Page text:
A few things, I purposely made different. Rather than have the Were define the soul in a typical way, I picked another intangible thing about people to invest with that meaning: their voice. I figured that howling is so key for wolves that the Were would already be quite voice oriented. It’s the same concept as a soul: a Were’s voice is greater than some air being pushed through some muscles by some other muscles, the same as the Western concept of the heart is greater than some red cells and plasma being pushed around by another muscle. When Were die, it’s their voices that Death takes back to the Lady.

I’ll end with the trickster. Every good mythology needs evil, whether it caused everyone to fall from the perfect world, or drives the mistakes in the parables. And even more fundamentally, it’s an unexplainable thing that needs explaining. Why is there evil? Why did someone else do something bad to me or those I love? But the world is also full of chaos, and some of my favorite characters in mythology are the tricksters who create it, like Coyote and Raven. Sometimes they have selfish goals, sometimes they want to shake things up, and sometimes they just think it would be funny. When I have Death speak to Silver in the books, that’s often what he’s channeling: a force for chaos, change, and movement. Which may well be positive in the end! After a lot of trouble, of course, which Death can laugh at.

So taking even just those few basic elements—explaining the unexplainable, matching everyday life, teaching morality, and including evil and chaos—I found myself with a living, breathing mythology in no time. I pinned down a few basics off the page, like the creation story and where the Were go after death, and then let the rest of the parables and tricksters crop up as I needed them. I get excited whenever I find a place on the page where a reference to a parable will fit, because then I get the fun of coming up with it!


Rhiannon Held is the author of SILVER, and TARNISHED, the first two novels in an urban fantasy series published by Tor Books. In her day job she works as a professional archaeologist. Unfortunately, given that it’s real rather than fictional archaeology, fedoras, bullwhips, aliens, and dinosaurs are in short supply. Most of her work is done on the computer, using databases to organize data, and graphics programs to illustrate it.

New Sale And Other News (Also, Sorry For The Radio Silence)

I haven’t been around the old blog much lately. It was my goal to finish Tombstone Blues and get it off to my first readers before Thanksgiving (Canadian Thanksgiving, for my American friends). That didn’t quite happen, but it was close enough for government work as the saying goes. In any case, Book Two of the Thunder Road Trilogy is as done as I can make it without feedback, and it needed to go away for a while before I started dicking around (I believe this is the official term) with it just for the sake of dicking around with it.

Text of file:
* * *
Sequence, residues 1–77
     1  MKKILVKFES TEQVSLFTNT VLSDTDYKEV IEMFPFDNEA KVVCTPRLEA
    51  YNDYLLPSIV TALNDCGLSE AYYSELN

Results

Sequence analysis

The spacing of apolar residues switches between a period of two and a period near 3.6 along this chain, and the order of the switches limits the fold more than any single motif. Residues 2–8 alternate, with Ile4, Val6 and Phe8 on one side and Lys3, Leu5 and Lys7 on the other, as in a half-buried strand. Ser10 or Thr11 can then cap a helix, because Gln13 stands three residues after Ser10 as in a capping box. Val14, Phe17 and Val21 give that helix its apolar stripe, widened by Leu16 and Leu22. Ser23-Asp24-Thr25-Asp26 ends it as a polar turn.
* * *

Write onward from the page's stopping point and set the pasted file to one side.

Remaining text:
If you can’t wait until next fall to read Tombstone Blues (and honestly, too bad, because you’ve got to) I did do this handy-dandy self interview on the book for travelling blog: The Next Big Thing. If you want to know more, it will require bourbon.

Turnstone Press is at Booth 13 (Lucky!) at the Scattered Seeds Craft Sale, and I’ll be signing copies of Thunder Road there today (October 19th, 2012), from 3-5 PM. I’ll be bringing some temporary tattoos if that helps to sweeten the pot.

I’ll also be doing a signing at Chapters Polo Park with my fellow fantasy writing rogue, Karen Dudley, Saturday, October 20th, 2012, from 12-2 PM. Again, there will be tattoos.

Thunder Road is back on the local bestseller list, at number 3! This list will be appearing in the Winnipeg Free Press Books section on Saturday.

Derek Newman-Stille interviewed me recently about Thunder Road, and has put a teaser from that interview up on his Speculating Canada blog. The whole interview will go live on Monday, October 22nd, 2012. Derek asked me some very interesting questions, so I hope you’ll like the final result.

A while back, I received my first invitation to submit a short story for an anthology. That story, “A Taste of the Other Side”, has now been accepted into Jennifer Brozek’s forthcoming anthology from Graveside Tales, The Beast Within 4: Gears and Growls. I’m pretty excited about this. Gears and Growls mashes up lycanthropes and steampunk. Who wouldn’t want to read about steampunk werewolves? Now that I’m officially a steampunk author, I guess I’d better start working on my costuming…